Willow’s History: Idle Women in the North (II)

Recently we have been in contact with the grandson of Molly Traill, one of the remarkable ladies who set up the scheme to get women trained up and working pairs of narrow boats during WW2 while the men were away. He has very kindly sent us some wonderful extracts from Molly’s scrapbook, regarding her involvement with Willow and Ash.

It seems that in the autumn of 1943, she and two other as yet un-named girls took the boats on a trial run from Ellesmere Port to Birmingham to test the idea, the route and the boats, and wrote a report detailing what was needed to bring the boats up to standard. The photo he sent was obviously taken at the same lock (Northgate Top, Chester) time as the other one we have via Mike Constable, but this one shows the boats from the stern end. We’re pleased to see that Willow doesn’t have the uglier “Z” shaped swan’s neck tiller that Ash (and Oak) do, as we’d always thought that really we should get one made for authenticity despite not thinking they looked as nice! Seems we won’t need to!

Ash & Willow

from the Molly Trail Archives

The report (click to enlarge)

Ash & Willow ministry report p1

Ash & Willow ministry report p2

Ash & Willow ministry report p3

from the Molly Trail Archives

Her reports show that the boats were in need of smartening up and that the engines were in need of repair. Her handwritten additions are also fascinating – she had great plans, but sadly, shortly after these photos were taken, and her report written, she came into conflict with the Ministry of War Transport and was let go. The boats went back to Gloucester, and continued to work for S&CCCo. Her grandson writes:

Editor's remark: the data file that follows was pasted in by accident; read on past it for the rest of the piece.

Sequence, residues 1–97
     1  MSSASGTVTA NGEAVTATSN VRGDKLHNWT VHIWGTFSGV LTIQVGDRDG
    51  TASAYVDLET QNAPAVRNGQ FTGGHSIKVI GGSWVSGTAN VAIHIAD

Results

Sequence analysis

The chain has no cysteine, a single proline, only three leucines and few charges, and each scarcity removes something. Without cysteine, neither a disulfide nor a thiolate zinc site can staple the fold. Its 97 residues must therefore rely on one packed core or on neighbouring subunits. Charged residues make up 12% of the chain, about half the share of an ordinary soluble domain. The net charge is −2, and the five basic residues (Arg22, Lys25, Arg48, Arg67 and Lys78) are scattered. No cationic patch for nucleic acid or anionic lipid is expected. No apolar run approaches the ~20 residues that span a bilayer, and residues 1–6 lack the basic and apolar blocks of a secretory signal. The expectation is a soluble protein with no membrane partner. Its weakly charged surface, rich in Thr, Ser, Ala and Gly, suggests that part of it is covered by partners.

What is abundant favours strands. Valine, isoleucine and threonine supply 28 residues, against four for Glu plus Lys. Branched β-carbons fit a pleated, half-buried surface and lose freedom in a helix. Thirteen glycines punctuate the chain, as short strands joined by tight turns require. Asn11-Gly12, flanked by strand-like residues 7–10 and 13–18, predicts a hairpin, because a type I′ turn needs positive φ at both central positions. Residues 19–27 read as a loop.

“Having devoted so much energy to setting up the scheme she eventually came into conflict with the Ministry and the canal companies over the expansion of the schemes. My mother remembers her campaigning over the working conditions for women on the boats and writing letters to the Times, which is not exactly the method organized labour would normally use. But the final letter from Phillip Noel Baker, the Parliamentary Secretary to the Ministry of War Transport, in which he ‘sadly’ has to dispense with her services, seems to imply that she had made herself unpopular with the canal companies. So she left the canals on a sour note, leaving behind the many schemes she had worked hard to set up. She was always a strong minded individualist and, in the end, she was effectively sacked for being a troublemaker.”

We want to find out more about this Northern scheme for female trainees. Perhaps a visit to the National Archives at Kew might reveal some more information. We would love to find out who those girls in the photo are!

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Categories: History | 3 Comments

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3 thoughts on “Willow’s History: Idle Women in the North (II)

  1. I made mention of these women in my guest post to Greatest Generation Lessons a while back. What a remarkable contributions they made to the war effort.

  2. Pingback: #idlewomen Midlands tour | Weaving Yarns

  3. Pingback: Idle Women on Tour | M. B. Willow

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